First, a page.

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A well-fitting, properly laced shoe is integral to achieving correct technique and preventing injury on pointe. A shoe that is too short, too narrow, too long or too wide hampers a dancer's ability to get her body into alignment on pointe and can cause ailments ranging from blisters and tendonitis to a sprain or even stress fractures. Once they're professionals, dancers will make their own choices about how their shoes look and feel, but as teachers, you can guide students to prioritize safety over aesthetics, and to listen to the advice of experienced fitters.

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A fitter for 25 years, Carpenter learned her craft under a Repetto master fitter.

In our November health column we share 3 pointe shoe safety tips from pro fitter Mary Carpenter. One of her best pointers is that a too-big shoe is just as bad as one that’s too small.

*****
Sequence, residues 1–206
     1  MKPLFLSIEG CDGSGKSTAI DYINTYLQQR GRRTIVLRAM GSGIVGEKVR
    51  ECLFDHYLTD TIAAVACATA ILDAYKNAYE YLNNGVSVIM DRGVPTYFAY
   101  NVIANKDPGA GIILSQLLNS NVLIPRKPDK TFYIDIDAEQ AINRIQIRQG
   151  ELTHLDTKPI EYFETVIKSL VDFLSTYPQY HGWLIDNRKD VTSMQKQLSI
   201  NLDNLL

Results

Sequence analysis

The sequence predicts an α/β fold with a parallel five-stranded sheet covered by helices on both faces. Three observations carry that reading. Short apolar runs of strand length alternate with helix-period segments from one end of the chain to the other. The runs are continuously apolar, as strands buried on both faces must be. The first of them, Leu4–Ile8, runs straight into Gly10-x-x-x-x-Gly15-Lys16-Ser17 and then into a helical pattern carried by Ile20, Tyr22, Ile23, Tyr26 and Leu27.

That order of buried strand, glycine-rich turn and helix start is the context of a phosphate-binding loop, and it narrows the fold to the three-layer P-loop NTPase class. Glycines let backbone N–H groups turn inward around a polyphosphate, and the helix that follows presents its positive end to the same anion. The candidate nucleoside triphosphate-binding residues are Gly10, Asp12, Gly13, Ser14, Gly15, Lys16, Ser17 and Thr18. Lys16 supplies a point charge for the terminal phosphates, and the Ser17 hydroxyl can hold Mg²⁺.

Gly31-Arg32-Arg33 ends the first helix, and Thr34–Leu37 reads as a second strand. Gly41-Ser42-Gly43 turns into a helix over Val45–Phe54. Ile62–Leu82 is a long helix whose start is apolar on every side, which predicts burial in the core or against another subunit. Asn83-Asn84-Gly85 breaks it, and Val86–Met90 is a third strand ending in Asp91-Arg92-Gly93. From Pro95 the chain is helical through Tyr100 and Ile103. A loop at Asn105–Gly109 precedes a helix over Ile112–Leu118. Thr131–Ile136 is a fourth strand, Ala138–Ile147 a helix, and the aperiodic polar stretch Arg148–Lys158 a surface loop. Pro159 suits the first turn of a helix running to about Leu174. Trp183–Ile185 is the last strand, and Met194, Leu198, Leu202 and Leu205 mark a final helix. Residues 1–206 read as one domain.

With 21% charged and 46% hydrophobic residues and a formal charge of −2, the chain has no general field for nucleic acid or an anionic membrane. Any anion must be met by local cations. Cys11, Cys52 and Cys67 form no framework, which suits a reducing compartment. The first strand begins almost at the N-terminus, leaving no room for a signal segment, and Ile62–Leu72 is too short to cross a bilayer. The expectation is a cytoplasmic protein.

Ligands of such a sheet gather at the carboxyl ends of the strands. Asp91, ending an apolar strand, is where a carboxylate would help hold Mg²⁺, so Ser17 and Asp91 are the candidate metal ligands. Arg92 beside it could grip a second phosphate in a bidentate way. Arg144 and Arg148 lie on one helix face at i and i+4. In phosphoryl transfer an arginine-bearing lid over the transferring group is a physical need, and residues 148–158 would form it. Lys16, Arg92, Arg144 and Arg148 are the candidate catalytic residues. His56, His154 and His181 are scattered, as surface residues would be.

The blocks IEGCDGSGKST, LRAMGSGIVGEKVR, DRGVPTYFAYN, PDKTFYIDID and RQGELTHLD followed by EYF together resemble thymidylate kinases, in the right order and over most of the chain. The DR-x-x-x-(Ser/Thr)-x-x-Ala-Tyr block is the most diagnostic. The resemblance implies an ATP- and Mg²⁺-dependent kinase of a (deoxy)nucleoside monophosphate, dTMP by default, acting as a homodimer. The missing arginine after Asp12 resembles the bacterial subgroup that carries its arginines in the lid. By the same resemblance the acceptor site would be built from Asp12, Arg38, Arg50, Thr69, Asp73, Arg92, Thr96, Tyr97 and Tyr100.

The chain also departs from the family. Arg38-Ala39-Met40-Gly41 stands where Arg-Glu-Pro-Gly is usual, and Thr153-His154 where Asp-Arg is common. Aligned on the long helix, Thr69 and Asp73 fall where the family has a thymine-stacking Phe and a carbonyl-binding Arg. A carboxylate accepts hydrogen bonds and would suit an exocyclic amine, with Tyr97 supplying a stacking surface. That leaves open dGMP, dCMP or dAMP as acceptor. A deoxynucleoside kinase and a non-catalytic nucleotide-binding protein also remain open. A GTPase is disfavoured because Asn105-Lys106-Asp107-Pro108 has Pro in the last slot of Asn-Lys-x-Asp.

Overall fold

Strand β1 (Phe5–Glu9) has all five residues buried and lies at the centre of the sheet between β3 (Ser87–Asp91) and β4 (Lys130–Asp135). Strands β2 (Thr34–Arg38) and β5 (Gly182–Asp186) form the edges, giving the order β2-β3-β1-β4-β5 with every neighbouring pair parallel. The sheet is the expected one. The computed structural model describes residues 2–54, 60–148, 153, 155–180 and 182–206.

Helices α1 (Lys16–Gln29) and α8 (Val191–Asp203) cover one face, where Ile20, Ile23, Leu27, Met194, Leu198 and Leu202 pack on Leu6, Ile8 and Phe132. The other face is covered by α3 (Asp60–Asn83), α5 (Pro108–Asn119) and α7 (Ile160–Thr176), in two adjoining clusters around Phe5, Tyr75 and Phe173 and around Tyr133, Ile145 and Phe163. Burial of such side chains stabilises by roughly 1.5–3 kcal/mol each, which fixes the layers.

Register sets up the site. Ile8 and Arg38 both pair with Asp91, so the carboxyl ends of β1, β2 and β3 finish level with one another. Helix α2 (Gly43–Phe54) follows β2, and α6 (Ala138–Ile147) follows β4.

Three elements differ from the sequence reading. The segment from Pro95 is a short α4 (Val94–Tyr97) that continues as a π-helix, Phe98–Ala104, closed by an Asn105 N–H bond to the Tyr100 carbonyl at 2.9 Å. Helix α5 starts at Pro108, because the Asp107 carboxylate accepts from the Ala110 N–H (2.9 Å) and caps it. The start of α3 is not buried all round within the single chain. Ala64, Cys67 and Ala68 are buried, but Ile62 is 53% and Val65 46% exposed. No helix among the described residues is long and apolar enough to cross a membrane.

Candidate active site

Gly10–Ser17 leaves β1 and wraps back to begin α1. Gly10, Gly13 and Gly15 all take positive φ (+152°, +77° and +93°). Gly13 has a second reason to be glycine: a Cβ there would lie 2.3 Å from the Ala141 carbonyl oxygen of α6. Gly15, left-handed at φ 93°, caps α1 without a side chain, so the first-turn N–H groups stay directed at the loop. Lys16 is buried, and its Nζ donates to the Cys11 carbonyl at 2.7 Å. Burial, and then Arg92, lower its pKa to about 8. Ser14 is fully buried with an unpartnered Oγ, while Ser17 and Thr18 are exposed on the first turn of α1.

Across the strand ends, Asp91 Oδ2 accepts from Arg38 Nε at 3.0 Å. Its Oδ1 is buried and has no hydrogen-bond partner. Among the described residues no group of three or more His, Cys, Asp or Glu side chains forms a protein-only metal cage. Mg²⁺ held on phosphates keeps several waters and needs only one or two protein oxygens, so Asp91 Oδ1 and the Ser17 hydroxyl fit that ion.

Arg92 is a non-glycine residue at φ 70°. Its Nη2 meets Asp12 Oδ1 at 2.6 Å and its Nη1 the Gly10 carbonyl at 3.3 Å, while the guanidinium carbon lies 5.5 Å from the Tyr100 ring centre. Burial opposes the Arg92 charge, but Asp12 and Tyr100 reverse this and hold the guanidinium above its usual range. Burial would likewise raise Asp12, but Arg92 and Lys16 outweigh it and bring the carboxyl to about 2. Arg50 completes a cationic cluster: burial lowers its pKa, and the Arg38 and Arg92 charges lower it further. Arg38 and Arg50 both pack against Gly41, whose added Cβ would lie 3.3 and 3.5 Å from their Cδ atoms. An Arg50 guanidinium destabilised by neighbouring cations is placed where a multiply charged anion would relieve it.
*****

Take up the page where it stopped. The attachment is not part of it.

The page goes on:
“I get asked a lot about growing room,” Carpenter says. Not a good idea. “It has to be fitted snug. For the parents who don’t quite understand, I say, ‘Like a cast fits a broken limb.’” That snug fit, she says, is around the metatarsal—not the toes. It keeps toes from collapsing down into the box.

Without that firm support from the shoe, most dancers will struggle to get properly up on pointe. “They can’t get their hips over their legs,” Carpenter says. “They can’t get into correct ballet alignment.

Other common problems with loose shoes are blisters and bruised toenails. Additionally, if the fit isn’t secure enough, a dancer will instinctively tense her feet to keep them from slipping around. That increased tension can cause tendonitis.

Photo courtesy of Carpenter; Thinkstock

For more pointe shoe safety tips, subscribe to Dance Teacher and get the November issue.

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